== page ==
Live review: Enter Shikari, London OVO Arena Wembley

Wembley, mate, Wembley: Enter Shikari triumph at euphoric London arena spectacular…

Live review: Enter Shikari, London OVO Arena Wembley
Emma Wilkes
Jez Pennington

We’re only seven weeks into 2024, but Enter Shikari's ascent to Wembley might just clench the title of gig of the year. It always had the potential to, what with it being the biggest headline show yet from a band renowned for their head-spinning tricks with light and sound when they play live. Despite that, somehow, they’ve outdone themselves. Everyone there – all of whom, by buying a ticket, donated a fund to support grassroots venues, matched by the arena itself, proving how easily this can be done when people can actually be bothered – can count themselves extremely lucky to be part of it.

Kicking things off is pop-punk newcomer NOAHFINNCE, whose live show, while a little green, has more than a few glimmers of potential. The guitars on Growing Up On The Internet and 3 Day Headache sound monstrous out of Wembley’s speakers, but ordinary, sunny pop-punk this is not – not when it’s intercut with audio of Margaret Thatcher and Rishi Sunak spouting anti-LGBTQ hatred. The highlight of the set, incidentally, sees a girl dressed as Hermione from Harry Potter perform a frenetic dance routine to self-proclaimed "diss track for transphobes and TERFs" Scumbag, serving as a hilarious yet beautiful ‘fuck you’ to the franchise’s creator.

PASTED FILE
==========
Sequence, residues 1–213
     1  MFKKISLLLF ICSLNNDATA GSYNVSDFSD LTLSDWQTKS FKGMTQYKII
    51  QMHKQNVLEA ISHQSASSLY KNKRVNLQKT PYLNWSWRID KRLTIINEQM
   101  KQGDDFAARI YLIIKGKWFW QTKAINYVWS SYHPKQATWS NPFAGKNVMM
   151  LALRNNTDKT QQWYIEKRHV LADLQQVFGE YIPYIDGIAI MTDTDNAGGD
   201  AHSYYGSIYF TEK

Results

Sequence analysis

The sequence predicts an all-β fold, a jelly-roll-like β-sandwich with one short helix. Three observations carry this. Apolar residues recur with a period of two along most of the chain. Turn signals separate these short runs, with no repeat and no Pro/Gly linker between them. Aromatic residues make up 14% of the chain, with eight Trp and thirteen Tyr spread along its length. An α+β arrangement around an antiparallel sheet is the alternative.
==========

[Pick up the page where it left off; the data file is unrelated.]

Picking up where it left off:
FEVER 333, meanwhile, appear on the cusp of setting the place alight. Jason Aalon Butler’s band of protest punks put on a furious display, while he screams like he has razors in his throat. Between speeches about standing with “our brothers and sisters in Palestine” and “honouring our women on this stage”, they sound colossal, treating Wembley as their own club show where Jason can jump off amps and dive into the crowd. It’s a stunning performance, and as they leave, it feels like they’ve audaciously thrown Enter Shikari a gauntlet.

Then again, St Albans quartet don’t need to build up to their arrival. Instead, at the top of the show, frontman Rou Reynolds appears alone in a spotlight for the impassioned System… with the crowd roaring back every word. There’s a litany of indelible moments such as these to come in the next hour and 40 minutes. Even if you’ve seen Shikari more times than you can count on two hands, what they do in this space is an unrivalled triumph. They put the sound system through its paces with the scorching Anaesthetist and a vicious airing of Sssnakepit that feel even more euphoric against kaleidoscopic video projections, wild light shows and, of course, plenty of lasers, transforming this arena gig into a huge warehouse rave.

There’s so much joy in this room, but there’s poignancy, too. Rou makes arena rock balladry even more beautiful with a stripped back one-two of the pressure’s on and Juggernauts, performed while sitting atop a giant cube made to look like a skyscraper. Goldfish, meanwhile, attains a leaden weight when performed right after a speech about Palestine – “I hope there’s a Gaza and a Palestine left when this fucking nightmare ends,” says Rou. Elsewhere, Satellites – a song that gets increasingly relevant by the day thanks to the hostile rhetoric of politicians – becomes even more uplifting when Sam Ryder (who Shikari met on Warped Tour, no less) comes out to add some falsettos.

Put it all together, and it’s the gigantic evening this band deserves, as showmen, as political firebrands and as rock’s heroes of the people. What an absolute fucking masterclass.

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